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Thursday, July 25, 2013
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In most data centers, DCIM rests on a shaky foundation of manual record keeping and scattered documentation. OpManager replaces data center documentation with a single repository for data, QRCodes for asset tracking, accurate 3D mapping of asset locations, and a configuration management database (CMDB). In this webcast, sponsored by ManageEngine, you will see how a real-world datacenter mapping stored in racktables gets imported into OpManager, which then provides a 3D visualization of where assets actually are. You'll also see how the QR Code generator helps you make the link between real assets and the monitoring world, and how the layered CMDB provides a single point of view for all your configuration data.

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This webinar will help attendees understand the overall concept of SDN and its benefits, describe the different conceptual approaches to SDN, and examine the various technologies, both proprietary and open source, that are emerging. It will also help users decide whether SDN makes sense in their environment, and outline the first steps IT can take for testing SDN technologies.

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Oracle Exalytics Invites Comparisons To SAP's Hana Appliance

Oracle headlined its Oracle OpenWorld 2011 convention this week by unveiling the Exalytics appliance for business intelligence (BI), which can analyze data instantaneously since the data runs in memory rather than being retrieved from storage. The appliance seems similar to one already on the market from rival SAP, the Hana appliance, but an Oracle executive begs to differ. Also at the conference going on in San Francisco, Oracle introduced an updated version of its Sun ZFS Storage Appliance.

Exalytics is a BI appliance that is engineered with Oracle software running on Oracle hardware, just as its Exadata, Exalogic and SPARC SuperCluster systems do. The system includes 1 Tbyte of digital random access memory (DRAM), but with compression it can store 5 to 10 Tbytes of raw data, Oracle CEO Larry Ellison said in a keynote address Sunday night. The system runs on 40 cores of Intel Xeon processors and can scan memory at a rate of 200 Gbyte per second.

It also features an Infiniband network connection that operates at 40 Gbits per second. Ellison repeated the phrase "data analysis at the speed of thought," several times during his presentation.

SAP Hana (for High-Performance Analytic Appliance) is a software appliance, so it would need to be run in some kind of server. But Hana, which was introduced in December 2010, also does in-memory processing of data, can query multiple types of data--in databases or unstructured--in real time and "at speeds and volumes like never before," according to a page on the SAP website.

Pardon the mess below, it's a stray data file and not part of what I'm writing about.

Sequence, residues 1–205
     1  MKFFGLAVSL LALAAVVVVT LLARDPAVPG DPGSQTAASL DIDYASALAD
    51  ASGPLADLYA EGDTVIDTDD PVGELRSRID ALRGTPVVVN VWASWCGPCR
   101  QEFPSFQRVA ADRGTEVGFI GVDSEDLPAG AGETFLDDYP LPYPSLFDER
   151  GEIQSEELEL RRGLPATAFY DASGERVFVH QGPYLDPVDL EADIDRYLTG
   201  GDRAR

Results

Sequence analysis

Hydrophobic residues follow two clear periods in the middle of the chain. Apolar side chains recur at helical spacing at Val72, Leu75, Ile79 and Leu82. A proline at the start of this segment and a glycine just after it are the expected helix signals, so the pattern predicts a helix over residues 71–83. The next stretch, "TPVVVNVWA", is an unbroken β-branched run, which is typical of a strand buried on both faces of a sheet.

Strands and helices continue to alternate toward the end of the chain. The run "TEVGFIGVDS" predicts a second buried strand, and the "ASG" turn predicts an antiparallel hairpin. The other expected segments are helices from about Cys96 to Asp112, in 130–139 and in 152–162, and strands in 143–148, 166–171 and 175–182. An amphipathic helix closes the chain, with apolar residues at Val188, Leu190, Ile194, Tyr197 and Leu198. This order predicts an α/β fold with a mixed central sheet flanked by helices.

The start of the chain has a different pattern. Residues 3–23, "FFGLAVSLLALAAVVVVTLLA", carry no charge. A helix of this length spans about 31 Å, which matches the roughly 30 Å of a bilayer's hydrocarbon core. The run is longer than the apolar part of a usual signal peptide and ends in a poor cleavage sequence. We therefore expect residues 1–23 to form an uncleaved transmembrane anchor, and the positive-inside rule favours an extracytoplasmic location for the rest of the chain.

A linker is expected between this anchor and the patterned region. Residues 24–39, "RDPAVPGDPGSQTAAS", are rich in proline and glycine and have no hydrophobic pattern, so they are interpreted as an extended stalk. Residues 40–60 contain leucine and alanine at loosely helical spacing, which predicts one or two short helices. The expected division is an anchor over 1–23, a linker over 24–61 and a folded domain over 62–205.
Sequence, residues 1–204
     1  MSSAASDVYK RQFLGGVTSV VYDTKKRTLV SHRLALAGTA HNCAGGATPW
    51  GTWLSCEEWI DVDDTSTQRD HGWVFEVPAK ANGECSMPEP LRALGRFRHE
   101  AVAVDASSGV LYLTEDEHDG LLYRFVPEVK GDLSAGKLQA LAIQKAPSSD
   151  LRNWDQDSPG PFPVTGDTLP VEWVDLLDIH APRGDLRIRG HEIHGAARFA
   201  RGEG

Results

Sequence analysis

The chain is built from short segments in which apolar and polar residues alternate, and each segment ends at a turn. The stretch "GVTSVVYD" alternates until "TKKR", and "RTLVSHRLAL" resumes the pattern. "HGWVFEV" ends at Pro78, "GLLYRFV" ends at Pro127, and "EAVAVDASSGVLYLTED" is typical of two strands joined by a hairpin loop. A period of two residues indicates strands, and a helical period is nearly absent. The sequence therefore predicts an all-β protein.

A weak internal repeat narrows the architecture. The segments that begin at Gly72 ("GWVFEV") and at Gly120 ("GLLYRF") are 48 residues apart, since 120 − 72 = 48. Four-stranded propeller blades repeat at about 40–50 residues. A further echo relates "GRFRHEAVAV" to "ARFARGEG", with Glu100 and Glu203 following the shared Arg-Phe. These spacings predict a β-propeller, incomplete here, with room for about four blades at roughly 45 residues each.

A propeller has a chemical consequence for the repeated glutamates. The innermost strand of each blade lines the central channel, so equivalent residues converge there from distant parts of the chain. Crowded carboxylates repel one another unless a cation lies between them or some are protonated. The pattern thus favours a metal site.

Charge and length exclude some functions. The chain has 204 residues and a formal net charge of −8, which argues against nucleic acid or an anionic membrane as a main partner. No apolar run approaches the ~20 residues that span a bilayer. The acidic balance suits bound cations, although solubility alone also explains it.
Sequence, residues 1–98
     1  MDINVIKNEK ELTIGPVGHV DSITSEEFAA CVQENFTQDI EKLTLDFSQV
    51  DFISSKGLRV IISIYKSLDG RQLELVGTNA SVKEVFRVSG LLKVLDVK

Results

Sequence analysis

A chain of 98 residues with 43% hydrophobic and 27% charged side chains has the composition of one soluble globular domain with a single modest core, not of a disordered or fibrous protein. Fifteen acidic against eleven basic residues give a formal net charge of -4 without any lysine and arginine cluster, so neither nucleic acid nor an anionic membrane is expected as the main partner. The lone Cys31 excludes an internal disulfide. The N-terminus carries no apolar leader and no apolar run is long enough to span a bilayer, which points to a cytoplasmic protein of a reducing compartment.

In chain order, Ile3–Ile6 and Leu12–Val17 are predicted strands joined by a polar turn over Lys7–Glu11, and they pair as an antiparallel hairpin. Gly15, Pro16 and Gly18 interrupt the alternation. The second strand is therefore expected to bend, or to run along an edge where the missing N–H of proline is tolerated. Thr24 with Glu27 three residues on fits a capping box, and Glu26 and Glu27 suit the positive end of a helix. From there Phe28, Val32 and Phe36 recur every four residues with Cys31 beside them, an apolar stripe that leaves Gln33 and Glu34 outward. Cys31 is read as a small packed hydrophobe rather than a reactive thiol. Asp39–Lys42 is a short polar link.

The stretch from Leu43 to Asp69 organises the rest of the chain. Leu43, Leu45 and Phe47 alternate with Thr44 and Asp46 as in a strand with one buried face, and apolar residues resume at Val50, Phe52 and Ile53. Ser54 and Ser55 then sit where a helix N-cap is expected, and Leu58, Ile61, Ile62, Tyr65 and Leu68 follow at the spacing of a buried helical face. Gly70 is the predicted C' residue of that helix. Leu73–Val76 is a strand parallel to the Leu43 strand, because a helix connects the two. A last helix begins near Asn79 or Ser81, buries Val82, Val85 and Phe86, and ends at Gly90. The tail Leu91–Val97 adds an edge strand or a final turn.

In a question and answer session with reporters Monday afternoon, Paul Rodwick, VP of product management for Oracle Business Intelligence, downplayed the similarities. "To me, Hana really hasn’t done anything yet for this 'speed of thought' interactive visualization by changing the [SAP] BusinessObjects tools to really take advantage of that," said Rodwick, referring to an SAP application that is in SAP’s business intelligence software suite.

He also said he thinks SAP has only a "limited" number of applications tuned to operate in an in-memory environment. In unveiling Hana, SAP promised "a new generation of applications ... in the next year" to perform BI in memory. Last month, at an SAP conference in Las Vegas, the company introduced SAP Smart Meter Analytics and SAP CO-PA Accelerator software. The Smart Meter app is used by utilities to crunch the massive amounts of data generated by smart meters deployed throughout their service areas. The CO-PA application is designed to speed up the process of analyzing financial data. The only other Hana app designed for in-memory environments is the SAP BusinessObjects Strategic Workforce Planning application.

Still, Oracle’s Rodwick says the beauty of Exalytics is the tight integration between software and hardware, both of them Oracle-made. "With Oracle Exalytics, it’s all proven technology: Oracle BI Foundation suite, Sun hardware, proven commodity components at low cost," he says. "And it can run out of the box ... without any application development or change."

Also at the conference, which runs through Thursday, Oracle introduced the third-generation Sun ZFS Storage Appliance for enterprise network-attached storage environments. Oracle says the Sun ZFS 7420 appliance delivers twice the performance at less than half the cost of rival NetApp’s 3270A model. Citing third-party testing results, Oracle said the Sun appliance completed 137,066 input-output instructions per second (IOPS) at a cost of $2.99/SPC-1 IOPS, an industry benchmark. By comparison, the NetApp appliance completed 68,035 IOPS at a cost of $7.48/SPC-1 IOPS.

See more on this topic by subscribing to Network Computing Pro Reports 2011 Salary Survey: BI/Analytics (subscription required).


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